1. Not finding help here? Sign up for a free 30min tutor trial with Chegg Tutors
    Dismiss Notice
Dismiss Notice
Join Physics Forums Today!
The friendliest, high quality science and math community on the planet! Everyone who loves science is here!

Terminal Voltage and Current

  1. Feb 21, 2007 #1
    1. The problem statement, all variables and given/known data

    a. What is the potential difference V_ad in the circuit of the figure?


    b. What is the terminal voltage of the 4.00 - V battery?

    c. A battery with emf 10.3 V and internal resistance 0.50 ohm is inserted in the circuit at d, with its negative terminal connected to the negative terminal of the 8.00 - V battery. What is the difference of potential V_bc between the terminals of the 4.00 - V battery now?

    2. Relevant equations

    See below.

    3. The attempt at a solution

    I really need help with my signs. Please direct me if I am incorrect on the different parts.

    a. Setting I as clockwise,

    -0.50 ohm*(I) – 4.00 V – 9.00 ohm*(I) + 8.00 V – 0.5 ohm*(I) – 8.00 ohm*(I) – 6.00 ohm*(I) = 0

    I = (-4.00 V)/(-24 ohm) = 0.16667 A ???

    Using this,

    Vad = -8 V + (8.50 ohm)*I = -8 V + (1.417 V) = -6.583 V???

    b. V_bc for battery = -E + I*r = -4.00 V + (0.50 ohm)*(0.16667 A) = -3.917 V???

    c. The new I must be found? Therefore,

    -0.50 ohm*(I) – 4.00 V - 9.00 ohm*(I) - 0.50 ohm*(I) – 10.3 V + 8.00 V - 8.00 ohm*(I) - I(6.00 ohm) - 0.50 ohm*(I) = 0

    I*(-24.5 ohm) = 6.3 V

    I = 6.3 V/-24.5 ohm = -0.2571 A ??? Thus, the current actually flows counterclockwise?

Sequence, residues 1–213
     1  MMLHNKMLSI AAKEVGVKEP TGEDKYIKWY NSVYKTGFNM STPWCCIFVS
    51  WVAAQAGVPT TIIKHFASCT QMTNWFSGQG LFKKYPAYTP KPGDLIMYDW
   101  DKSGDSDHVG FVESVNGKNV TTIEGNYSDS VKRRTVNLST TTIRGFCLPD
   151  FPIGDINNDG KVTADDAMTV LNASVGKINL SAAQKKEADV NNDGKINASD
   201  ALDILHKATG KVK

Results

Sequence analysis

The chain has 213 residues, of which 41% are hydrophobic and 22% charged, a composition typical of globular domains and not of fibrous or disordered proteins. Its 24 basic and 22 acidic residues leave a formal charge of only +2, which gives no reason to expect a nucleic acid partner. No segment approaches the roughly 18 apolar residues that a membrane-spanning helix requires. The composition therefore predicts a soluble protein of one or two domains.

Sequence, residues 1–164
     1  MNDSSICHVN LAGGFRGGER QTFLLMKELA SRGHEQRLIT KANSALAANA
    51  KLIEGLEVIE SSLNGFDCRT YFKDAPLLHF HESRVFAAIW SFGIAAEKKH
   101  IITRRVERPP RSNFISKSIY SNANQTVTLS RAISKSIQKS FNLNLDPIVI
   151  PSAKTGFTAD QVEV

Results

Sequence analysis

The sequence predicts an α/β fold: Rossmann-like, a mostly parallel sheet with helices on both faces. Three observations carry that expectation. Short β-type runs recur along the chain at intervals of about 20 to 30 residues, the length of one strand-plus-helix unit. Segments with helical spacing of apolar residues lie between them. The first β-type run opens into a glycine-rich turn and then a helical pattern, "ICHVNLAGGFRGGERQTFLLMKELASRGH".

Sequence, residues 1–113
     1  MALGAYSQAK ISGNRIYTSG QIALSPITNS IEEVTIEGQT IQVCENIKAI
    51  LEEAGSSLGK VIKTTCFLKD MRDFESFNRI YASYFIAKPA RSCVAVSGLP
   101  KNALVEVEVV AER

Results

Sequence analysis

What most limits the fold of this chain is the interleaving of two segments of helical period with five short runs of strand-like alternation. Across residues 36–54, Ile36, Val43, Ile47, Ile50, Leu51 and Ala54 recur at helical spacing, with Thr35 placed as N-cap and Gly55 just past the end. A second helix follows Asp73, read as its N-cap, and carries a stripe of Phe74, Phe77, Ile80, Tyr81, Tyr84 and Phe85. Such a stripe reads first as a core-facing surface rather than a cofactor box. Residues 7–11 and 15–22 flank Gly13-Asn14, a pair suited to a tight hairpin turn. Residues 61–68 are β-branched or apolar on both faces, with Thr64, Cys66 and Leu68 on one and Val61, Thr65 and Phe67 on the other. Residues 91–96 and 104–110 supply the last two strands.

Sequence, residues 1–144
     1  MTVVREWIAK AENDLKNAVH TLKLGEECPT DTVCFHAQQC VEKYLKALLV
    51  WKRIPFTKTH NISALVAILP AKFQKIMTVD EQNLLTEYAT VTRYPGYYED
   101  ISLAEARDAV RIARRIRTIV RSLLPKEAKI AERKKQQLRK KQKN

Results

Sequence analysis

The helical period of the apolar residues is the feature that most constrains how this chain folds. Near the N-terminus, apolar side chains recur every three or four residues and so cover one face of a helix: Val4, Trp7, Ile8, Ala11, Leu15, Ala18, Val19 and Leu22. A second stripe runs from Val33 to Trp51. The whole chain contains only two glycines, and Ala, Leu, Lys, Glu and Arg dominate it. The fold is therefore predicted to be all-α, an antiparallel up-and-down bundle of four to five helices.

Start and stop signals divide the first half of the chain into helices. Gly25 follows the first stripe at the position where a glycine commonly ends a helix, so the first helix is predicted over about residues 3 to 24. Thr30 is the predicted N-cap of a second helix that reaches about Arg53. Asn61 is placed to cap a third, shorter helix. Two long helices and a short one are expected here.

V_bc = -E + I*r = -4.00 V + (0.50 ohm)*(0.2571A) = -3.8714 V???

    Thank you.
    Last edited: Feb 21, 2007
  2. jcsd
  3. Feb 21, 2007 #2
    Signs don't really matter as long as you are consistent. Here is the way I like to remember it:

    When you are doing voltage loops, are you measuring the voltage drop or voltage gain? Voltage is the potential difference, so you want the difference to be postive. So if you guess your current will go clockwise, then all the resistor elements the current goes through will have a positive drop, and any voltage gains will be negative.

    You did the opposite, which will work as long as you remember your method, which could be just as valid. However, it doesn't look like you remained consistent. You found the current going 'clockwise' in the first part by making voltage drops negative, and gains positive. Then solving for Vad it looks like you reversed it, and made your gains negative and drops positive. Right idea though.

    b) Yes, you did the relative potential correct, but I personally think your way is sort of wacky (maybe just because I am used to mine). Just remember that in your way you have to change it back in the end.

    c) I think you did it right, the answer makes sense since the larger voltages are going in the counter clockwise direction.

    I would just stick with convention if I were you. So, current going across a resistor will have a positive voltage, and voltage gains will really have a negative sign as you go around the loop. Even if your way makes sense now, if you go against convention for so long then you will forget which parts are actually backwards and which aren't when you look at examples.
  4. Feb 22, 2007 #3
    Since the current is moving in the clockwise direction for the first two parts, this is why the terminal voltage of the 4.00-V battery is negative (moving from the positive terminal to the negative terminal)?

    Thanks again.
  5. Feb 22, 2007 #4
    So for your convention you found the potential between b and c, but because your convention was backwards your answer was backwards. Let me put this into words. You showed that there was a 3.917 voltage drop because you made all the voltage drops negative; however, the convention is to make the potential difference positive.

    It wasn't because the current that your answer came out negative.
  6. Feb 22, 2007 #5
    Edit: I figured out the discrepancy.

    Thanks again.
    Last edited: Feb 23, 2007
Know someone interested in this topic? Share this thread via Reddit, Google+, Twitter, or Facebook

Have something to add?

Similar Discussions: Terminal Voltage and Current
  1. Terminal Voltage (Replies: 2)